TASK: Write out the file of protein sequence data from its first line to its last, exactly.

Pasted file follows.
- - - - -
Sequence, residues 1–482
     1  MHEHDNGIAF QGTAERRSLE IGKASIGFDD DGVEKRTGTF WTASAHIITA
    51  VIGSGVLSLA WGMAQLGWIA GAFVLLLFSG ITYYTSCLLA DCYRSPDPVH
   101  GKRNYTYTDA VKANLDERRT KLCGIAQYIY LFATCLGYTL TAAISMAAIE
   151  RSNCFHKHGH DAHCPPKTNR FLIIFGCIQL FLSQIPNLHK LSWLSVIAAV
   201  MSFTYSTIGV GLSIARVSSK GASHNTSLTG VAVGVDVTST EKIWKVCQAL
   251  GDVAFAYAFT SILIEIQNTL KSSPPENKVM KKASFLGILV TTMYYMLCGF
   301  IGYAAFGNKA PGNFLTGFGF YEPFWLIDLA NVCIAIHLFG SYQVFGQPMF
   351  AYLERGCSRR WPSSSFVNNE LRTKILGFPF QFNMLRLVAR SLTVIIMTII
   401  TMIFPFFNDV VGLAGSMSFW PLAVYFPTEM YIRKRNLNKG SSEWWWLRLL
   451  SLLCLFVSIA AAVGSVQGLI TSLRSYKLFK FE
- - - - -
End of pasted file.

Sequence, residues 1–482
     1  MHEHDNGIAF QGTAERRSLE IGKASIGFDD DGVEKRTGTF WTASAHIITA
    51  VIGSGVLSLA WGMAQLGWIA GAFVLLLFSG ITYYTSCLLA DCYRSPDPVH
   101  GKRNYTYTDA VKANLDERRT KLCGIAQYIY LFATCLGYTL TAAISMAAIE
   151  RSNCFHKHGH DAHCPPKTNR FLIIFGCIQL FLSQIPNLHK LSWLSVIAAV
   201  MSFTYSTIGV GLSIARVSSK GASHNTSLTG VAVGVDVTST EKIWKVCQAL
   251  GDVAFAYAFT SILIEIQNTL KSSPPENKVM KKASFLGILV TTMYYMLCGF
   301  IGYAAFGNKA PGNFLTGFGF YEPFWLIDLA NVCIAIHLFG SYQVFGQPMF
   351  AYLERGCSRR WPSSSFVNNE LRTKILGFPF QFNMLRLVAR SLTVIIMTII
   401  TMIFPFFNDV VGLAGSMSFW PLAVYFPTEM YIRKRNLNKG SSEWWWLRLL
   451  SLLCLFVSIA AAVGSVQGLI TSLRSYKLFK FE